The Sarcophagus of Domatilla

Mid-4th cent.
Museo Pio Christiano, The Vatican.

This is a "columnar sarcophagus," in which the image panels are separated by columns the height of the case. In the center is a stylized and symbolic representation of the Resurrection, an popular theme for sarcophagi of this period. Below, one of the guards at the tomb sleeps while another looks up in curiosity. The dawn is signaled by the chirping birds, who look up to the chi-rho, triumphant symbol of the resurrected Christ. The wreath encircling the chi-rho may be a riposte to the mock crown of thorns being placed on Jesus' head in the panel to the left.

The crucifixion itself is expressed indirectly but insistently. We see the cross in the middle panel, on the far left, and by implication in the decision Pilate is considering on the far right; but in this century we will not be seeing Jesus on a cross in any Christian work.

In the first panel on the left a Roman soldier has enlisted Simon of Cyrene in the work of carrying the cross (Matthew 27:32, Mark 15:21, Luke 23:26). That the man is Simon and not Jesus can be seen from his relative size, his short hair, and the absence of a toga over his tunic.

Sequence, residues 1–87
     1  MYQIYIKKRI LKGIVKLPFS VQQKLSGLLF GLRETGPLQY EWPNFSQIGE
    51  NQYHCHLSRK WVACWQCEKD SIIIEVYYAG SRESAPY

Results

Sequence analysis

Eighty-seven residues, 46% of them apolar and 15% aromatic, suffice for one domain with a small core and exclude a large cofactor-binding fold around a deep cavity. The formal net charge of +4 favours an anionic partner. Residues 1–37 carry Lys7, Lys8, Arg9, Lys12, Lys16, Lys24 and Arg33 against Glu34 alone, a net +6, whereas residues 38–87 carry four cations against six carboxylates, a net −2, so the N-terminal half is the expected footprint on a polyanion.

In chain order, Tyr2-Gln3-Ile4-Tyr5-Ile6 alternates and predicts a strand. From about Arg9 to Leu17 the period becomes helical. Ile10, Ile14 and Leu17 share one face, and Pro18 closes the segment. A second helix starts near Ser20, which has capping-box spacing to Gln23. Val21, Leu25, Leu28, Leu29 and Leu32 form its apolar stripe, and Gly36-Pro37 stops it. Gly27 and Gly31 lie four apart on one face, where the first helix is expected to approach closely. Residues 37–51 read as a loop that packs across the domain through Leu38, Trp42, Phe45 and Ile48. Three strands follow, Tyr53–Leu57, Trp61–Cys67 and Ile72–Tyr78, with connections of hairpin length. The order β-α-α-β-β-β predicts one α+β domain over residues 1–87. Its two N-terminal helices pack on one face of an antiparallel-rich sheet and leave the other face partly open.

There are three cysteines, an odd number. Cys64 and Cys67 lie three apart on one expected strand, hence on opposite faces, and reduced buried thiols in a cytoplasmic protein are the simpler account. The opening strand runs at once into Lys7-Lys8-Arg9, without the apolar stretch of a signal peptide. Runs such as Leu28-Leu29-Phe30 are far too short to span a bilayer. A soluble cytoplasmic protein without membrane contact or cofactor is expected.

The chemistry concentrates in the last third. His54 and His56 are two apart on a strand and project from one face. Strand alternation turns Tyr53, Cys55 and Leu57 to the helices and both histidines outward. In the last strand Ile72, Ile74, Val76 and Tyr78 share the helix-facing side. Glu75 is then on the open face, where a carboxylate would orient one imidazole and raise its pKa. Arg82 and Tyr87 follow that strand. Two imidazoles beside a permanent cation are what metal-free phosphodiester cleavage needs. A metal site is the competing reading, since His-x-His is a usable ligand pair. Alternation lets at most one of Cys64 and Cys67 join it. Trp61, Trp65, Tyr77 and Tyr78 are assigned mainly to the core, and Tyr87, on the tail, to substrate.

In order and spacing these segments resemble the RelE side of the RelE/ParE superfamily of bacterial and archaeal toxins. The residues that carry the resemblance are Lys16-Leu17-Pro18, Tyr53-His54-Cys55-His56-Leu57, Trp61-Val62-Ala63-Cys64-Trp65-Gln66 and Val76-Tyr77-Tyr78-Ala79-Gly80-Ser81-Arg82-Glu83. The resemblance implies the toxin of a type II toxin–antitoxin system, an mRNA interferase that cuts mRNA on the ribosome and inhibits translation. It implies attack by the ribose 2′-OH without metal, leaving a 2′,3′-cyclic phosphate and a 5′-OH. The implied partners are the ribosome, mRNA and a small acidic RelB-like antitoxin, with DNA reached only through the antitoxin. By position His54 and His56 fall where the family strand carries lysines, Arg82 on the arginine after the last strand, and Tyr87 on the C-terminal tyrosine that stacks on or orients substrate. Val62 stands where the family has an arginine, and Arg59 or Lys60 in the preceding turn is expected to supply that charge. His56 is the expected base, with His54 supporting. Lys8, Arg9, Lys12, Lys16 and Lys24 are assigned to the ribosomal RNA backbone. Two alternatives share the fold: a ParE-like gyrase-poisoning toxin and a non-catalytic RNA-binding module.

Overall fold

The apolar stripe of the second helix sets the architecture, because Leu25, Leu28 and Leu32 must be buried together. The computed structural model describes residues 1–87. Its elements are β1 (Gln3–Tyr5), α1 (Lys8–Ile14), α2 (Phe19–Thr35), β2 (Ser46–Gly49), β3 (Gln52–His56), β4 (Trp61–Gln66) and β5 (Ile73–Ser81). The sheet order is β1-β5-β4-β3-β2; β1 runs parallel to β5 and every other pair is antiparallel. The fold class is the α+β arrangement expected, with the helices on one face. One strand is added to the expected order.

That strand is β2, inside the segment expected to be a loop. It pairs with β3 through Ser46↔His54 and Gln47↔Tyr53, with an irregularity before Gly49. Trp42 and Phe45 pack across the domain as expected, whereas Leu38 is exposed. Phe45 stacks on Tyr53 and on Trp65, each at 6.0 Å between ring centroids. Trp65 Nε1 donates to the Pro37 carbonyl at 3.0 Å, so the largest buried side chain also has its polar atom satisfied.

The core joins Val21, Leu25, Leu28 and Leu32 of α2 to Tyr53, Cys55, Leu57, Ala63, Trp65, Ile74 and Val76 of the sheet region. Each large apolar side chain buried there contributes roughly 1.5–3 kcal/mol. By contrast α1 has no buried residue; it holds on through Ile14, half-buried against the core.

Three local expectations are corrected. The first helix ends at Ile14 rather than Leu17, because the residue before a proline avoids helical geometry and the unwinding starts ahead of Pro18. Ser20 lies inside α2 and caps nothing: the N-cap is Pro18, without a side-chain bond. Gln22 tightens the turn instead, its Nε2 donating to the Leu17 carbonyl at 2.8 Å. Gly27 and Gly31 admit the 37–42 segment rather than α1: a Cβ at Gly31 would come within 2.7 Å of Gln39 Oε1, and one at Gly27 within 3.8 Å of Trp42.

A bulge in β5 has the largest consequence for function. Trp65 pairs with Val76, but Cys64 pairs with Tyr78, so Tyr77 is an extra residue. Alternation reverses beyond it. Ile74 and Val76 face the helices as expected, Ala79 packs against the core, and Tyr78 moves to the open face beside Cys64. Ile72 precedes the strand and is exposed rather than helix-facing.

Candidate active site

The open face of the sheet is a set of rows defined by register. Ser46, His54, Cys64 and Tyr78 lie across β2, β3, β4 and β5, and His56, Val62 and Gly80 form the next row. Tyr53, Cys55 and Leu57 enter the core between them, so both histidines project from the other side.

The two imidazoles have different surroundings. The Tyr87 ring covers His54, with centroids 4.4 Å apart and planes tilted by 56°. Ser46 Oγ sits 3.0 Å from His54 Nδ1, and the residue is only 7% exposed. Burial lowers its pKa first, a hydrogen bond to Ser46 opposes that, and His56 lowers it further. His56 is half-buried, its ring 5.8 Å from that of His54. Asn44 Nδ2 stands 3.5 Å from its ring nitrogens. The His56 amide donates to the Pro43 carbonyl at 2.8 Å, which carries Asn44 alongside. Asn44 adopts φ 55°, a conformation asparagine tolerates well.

In the second panel a helmeted soldier in full military garb places the crown of thorns on the head of Jesus (Matthew 27:29, Mark 15:17-18, John 19:2-3). The mockery implied is quietly contradicted by the scroll in Jesus' left hand, a common signifier of real authority.

Right of center is either the arrest of Jesus or, if the idea is to see this panel as flowing into the next, Jesus standing before Pilate. The soldier with him is in full military array. Jesus wears a toga, whereas Pilate has only a short tunic and a cape – the artist's way of settling the question of who is the higher authority. Pilate's chin-on-hand gesture is a common signifier of thought. But the water for washing his hands has already been brought to him by a servant wearing an exomis.

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View detail photographs of the man carrying the cross, the crowning with thorns, the central panel, and the trial before Pilate.
Read more about images of Jesus on trial, the Way of the Cross, the Crucifixion, and the Resurrection.

Photographed at the museum by Richard Stracke, shared under Attribution-NonCommercial-ShareAlike license.